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Microfacies of the Cotham Marble; a tubestone carbonate microbialite from the Upper Triassic, southwestern U.K.

Yadira Ibarra, Frank A. Corsetti, Sarah E. Greene and David J. Bottjer
Microfacies of the Cotham Marble; a tubestone carbonate microbialite from the Upper Triassic, southwestern U.K.
Palaios (January 2014) 29 (1): 1-15


A remarkably aerially extensive ( approximately 2,000 km (super 2) ) unit of carbonate microbialites occurs in many Triassic-Jurassic boundary interval outcrops of the southwestern United Kingdom and captures petrographic evidence that could link them to the end-Triassic extinction event. The bioherms--known regionally as the Cotham Marble--occur as discrete approximately 20-cm-thick, decimeter- to meter-scale mounds, and display at least five growth phases that alternate between laminated and dendritic mesofabrics. Cross sections parallel to bedding through the dendritic phases expose a reticulate dendritic framework separated by polygonal spaces ( approximately 1-3 cm diameter), characteristic of "tubestone" microbialites. Microscopically, the dendrolites contain evenly distributed rod to filamentous putative microfossils ( approximately 2 mu m diameter and approximately 10 mu m in length) in a matrix of micrite and contain higher total organic carbon than the surrounding matrix. Round to ellipsoidal spar-filled regions ( approximately 200 mu m in diameter) within the dendrolites (previously interpreted as serpulid worm tubes) likely resulted from the production of gas bubbles within rapidly lithifying mats or are a two-dimensional artifact of evenly spaced three-dimensional branching within the mats. The fill between the dendrolites of the first layer contains abundant phycoma clusters of the green algal prasinophyte Tasmanites, commonly considered a "disaster taxon." The cyclic phases represent episodic and laterally extensive environmental change within shallow water coastal environments during a marine transgression. Collectively, the presence of microbial micrite in a shallow marine setting, the marked lateral extent of the bioherms, and the abundance of Tasmanites suggest the Cotham Marble microbialites formed during the high pCO (sub 2) and relatively warmer conditions associated with the events of the end-Triassic mass extinction.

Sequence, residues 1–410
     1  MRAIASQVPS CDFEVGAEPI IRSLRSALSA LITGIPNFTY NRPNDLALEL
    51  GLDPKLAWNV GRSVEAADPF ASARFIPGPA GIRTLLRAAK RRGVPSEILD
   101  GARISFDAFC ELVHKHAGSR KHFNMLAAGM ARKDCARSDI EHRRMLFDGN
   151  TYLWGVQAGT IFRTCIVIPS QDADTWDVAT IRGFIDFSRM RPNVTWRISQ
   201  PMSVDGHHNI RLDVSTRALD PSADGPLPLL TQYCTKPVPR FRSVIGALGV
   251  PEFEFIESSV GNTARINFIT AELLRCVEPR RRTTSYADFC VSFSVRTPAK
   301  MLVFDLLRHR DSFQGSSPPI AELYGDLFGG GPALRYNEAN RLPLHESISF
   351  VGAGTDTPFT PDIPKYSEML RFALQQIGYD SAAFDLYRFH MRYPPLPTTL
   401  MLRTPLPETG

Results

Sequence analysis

ISSN: 0883-1351
Serial Title: Palaios
Serial Volume: 29
Serial Issue: 1
Title: Microfacies of the Cotham Marble; a tubestone carbonate microbialite from the Upper Triassic, southwestern U.K.
Affiliation: University of Southern California, Department of Earth Sciences, Los Angeles, CA, United States
Pages: 1-15
Published: 201401
Text Language: English
Publisher: Society for Sedimentary Geology, Tulsa, OK, United States
References: 72
Accession Number: 2014-051913
Categories: Sedimentary petrology
Document Type: Serial
Bibliographic Level: Analytic
Annotation: NSF Grant EAR-1338329
Illustration Description: illus. incl. 1 table, geol. sketch map
N50°42'00" - N51°40'00", W02°58'00" - W02°00'00"
Secondary Affiliation: University of Bristol, GBR, United Kingdom
Country of Publication: United States
Secondary Affiliation: GeoRef, Copyright 2017, American Geosciences Institute. Reference includes data from GeoScienceWorld, Alexandria, VA, United States. Reference includes data supplied by SEPM (Society for Sedimentary Geology), Tulsa, OK, United States
Update Code: 201428
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